By Shashi Malla
Region West Asia
Afghanistan: U.S. & Taliban Sign Deal Ending Hostilities
The United States signed an agreement with the Taliban militants on Saturday in Doha, Qatar ending hostilities. It is the first step aimed at bringing an end to 18 years of bloodshed in Afghanistan and allowing US troops to return home from America’s ‘never ending’ longest war (AP/Associated Press).
Under the deal, the US would draw its forces down to 8,600 from 13,000 in the next 3 to 4 months, with the remaining US forces leaving in 14 months. The complete pullout would depend on the Taliban meeting their commitments to prevent terrorism. The deal is, therefore, based on commitment and not on a time-line.
Under the agreement, the Taliban promise not to let extremists [al-Qaeda, Islamic State] use the country as a staging ground for attacking the US or its allies. But many former and current US officials and the Afghan government itself are loath to trust the Taliban to fulfil their obligations.
President George W, Bush had ordered the US-led invasion of Afghanistan in response to the fatal September 11, 2001 al-Qaida terrorist attacks in New York and Washington, D.C. When the World Trade Center in New York collapsed on that crisp, sunny morning, it completely changed how America sees the world.
The Taliban had given sanctuary to Osama bin Laden and his al-Qaida network as they plotted, and then celebrated, the hijackings of four airliners that were then crashed into the Twin Towers in Lower Manhattan, the Pentagon and a field in western Pennsylvania, killing almost 3,000 people.
It only took a few months to overthrow the harsh, authoritarian Taliban regime and send Osama bin Laden and top al-Qaida militants scrambling across the border into Pakistan [although this was unknown at the time], but the civil war dragged on for years as the United States tried to establish a stable, functioning state in one of the least developed countries in the world.
The Taliban regrouped and currently hold sway over half the country.
The U.S. spent more than US Dollar $ 750 billion, and on all sides the war cost tens of thousands of lives lost.
The conflict was frequently ignored by US politicians and the American public.
US Secretary of State Mike Pompeo attended the ceremony in Doha [on Trump’s insistence], where the Talibanhave a political office, but did not sign the agreement. Instead, it was signed by US Special Envoy Zalmay Khalilzad (US citizen of Afghan descent) and Taliban leader Mullah Abdul Ghani Baradar.
Pompeo told reporters after the signing ceremony that the U.S. is “realistic” about the ‘peace deal’ it signed, but is “seizing the best opportunity for peace in a generation.” Furthermore, the U.S. will not “squander” what its soldiers “have won through blood, sweat and tears.” This does sound much like Neville Chamberlain’s appeasement for our time”? Or is it that “If peace cannot be maintained with honour, it is no longer peace” (Lord John Russell).
In the meantime, the Taliban have already held a victory march in Qatar. Abbas Stanikzai, one of the Taliban’s lead negotiators claimed: “Today is the day of victory, which has come with the help of Allah.”
The next step of the peace process is supposed to be the intra-Afghan dialogue preceded by a swap of prisoners – the Taliban to release up to 1,000 prisoners and for the Afghan government to release around 5,000 insurgent captives by March 10, when talks are supposed to start. Afghan President Ashraf Ghani now says he will not commit to this stipulation. Nor has he finalized who will negotiate with the Islamic militants.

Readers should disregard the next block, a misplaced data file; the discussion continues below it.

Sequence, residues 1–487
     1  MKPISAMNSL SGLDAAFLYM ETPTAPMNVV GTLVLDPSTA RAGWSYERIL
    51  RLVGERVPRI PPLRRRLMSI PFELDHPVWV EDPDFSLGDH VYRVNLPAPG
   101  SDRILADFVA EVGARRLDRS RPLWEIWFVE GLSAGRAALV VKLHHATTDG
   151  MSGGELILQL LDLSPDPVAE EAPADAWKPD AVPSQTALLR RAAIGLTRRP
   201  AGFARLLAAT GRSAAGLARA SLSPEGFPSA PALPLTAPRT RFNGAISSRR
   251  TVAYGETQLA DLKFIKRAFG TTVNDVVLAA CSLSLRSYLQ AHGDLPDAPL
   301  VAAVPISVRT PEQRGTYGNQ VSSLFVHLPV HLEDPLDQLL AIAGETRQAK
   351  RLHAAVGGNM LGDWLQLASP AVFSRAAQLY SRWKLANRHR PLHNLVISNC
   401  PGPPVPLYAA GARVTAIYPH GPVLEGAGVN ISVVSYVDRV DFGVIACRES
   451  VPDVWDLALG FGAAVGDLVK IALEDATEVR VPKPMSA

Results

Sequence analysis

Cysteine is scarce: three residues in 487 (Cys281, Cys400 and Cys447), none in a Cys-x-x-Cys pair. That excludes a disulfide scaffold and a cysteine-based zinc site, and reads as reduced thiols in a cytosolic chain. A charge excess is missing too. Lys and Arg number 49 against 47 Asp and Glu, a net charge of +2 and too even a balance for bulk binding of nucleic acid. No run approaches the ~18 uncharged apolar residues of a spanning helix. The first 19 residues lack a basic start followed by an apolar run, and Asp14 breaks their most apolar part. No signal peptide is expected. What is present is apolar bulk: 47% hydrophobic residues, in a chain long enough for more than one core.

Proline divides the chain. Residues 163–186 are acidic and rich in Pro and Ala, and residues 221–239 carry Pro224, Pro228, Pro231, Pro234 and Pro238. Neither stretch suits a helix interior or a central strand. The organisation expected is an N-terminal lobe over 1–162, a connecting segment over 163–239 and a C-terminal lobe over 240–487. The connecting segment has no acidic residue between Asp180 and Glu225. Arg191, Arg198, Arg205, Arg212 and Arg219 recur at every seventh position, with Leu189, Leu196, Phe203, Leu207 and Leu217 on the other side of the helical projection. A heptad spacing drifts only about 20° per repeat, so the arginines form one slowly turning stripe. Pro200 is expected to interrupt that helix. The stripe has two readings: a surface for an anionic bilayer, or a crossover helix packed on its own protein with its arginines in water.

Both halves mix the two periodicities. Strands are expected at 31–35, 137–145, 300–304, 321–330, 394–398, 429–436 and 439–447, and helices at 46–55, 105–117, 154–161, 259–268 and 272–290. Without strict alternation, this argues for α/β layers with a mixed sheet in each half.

A darker view is that Afghan leaders beset by endemic corruption and with scant ability to coalesce on any issue, will bicker during talks with the militants and provide an opening for the well-organised Taliban to exploit. Compounding social and economic woes and ethnic strife, Afghanistan is currently in the grips of a new political and constitutional crisis amid contested presidential election results (AFP/March 2).
Some Afghanistan veterans have sounded a note of caution. General David H. Petraeus, a former top military commander in Afghanistan and CIA director warned: “We need to end [the endless wars] the right way, or as we have learned in the past, we may have to return to them” (NYT, March 3).
U.S. Election Watch
Former V.P. Biden Finally Achieves Breakthrough
South Carolina Primary [Nominating Contest]
In the South Carolina primary last Saturday, former Vice President Joe Biden [under President Barack Obama] emerged the dominant winner (CNN/February 29). The main points that emerged were:
– Biden wins substantially. Biden surged to a strong victory with his first-ever nominating contest win. In a state dominated by Democratic majority Afro-Americans, Biden won around 3 in 5 black votes, dominating over Vermont Senator Bernie Sanders, his closest competitor who got almost 1 in 5 of the demographic group. Billionaire Tom Steyer [who had advertised aggressively in the state] came close to Sanders, with around 1 in 7 black voters.
– Sanders came in only a distant second. The South Carolina electorate was far more moderate and African-American than the states in which Sanders has prospered [Iowa, New Hampshire, Nevada]. Sanders grudgingly conceded defeat, and made what could turn out to be self-fulfilling prophecy: “We did not win in South Carolina. That will not be the only defeat. There are a lot of states in this country and nobody can win them all.”
– Biden closed the delegate gap on Sanders. Biden’s delegate count increased again after the South Carolina primary from 34 to 41. Biden is now only 12 delegates behind Sanders, who is leading with 53. Candidates need a total of 1,991 delegates to win the Democratic nomination.
Pete Buttigieg has 26 delegates, Elizabeth Warren has 8 and Amy Klobuchar has 7.
– Tom Steyer dropped out: The billionaire businessman said he decided to withdraw from the 2020 presidential race after he couldn’t see a “path where I can win.” Steyer had spent big on ads in the state leading up to Saturday’s vote, and had definitely taken away votes from Biden.
– Biden leads in the popular vote. Former Vice President Joe Biden is leading the popular vote so far with 281,164 votes (27.8 percent) after four Democratic contests.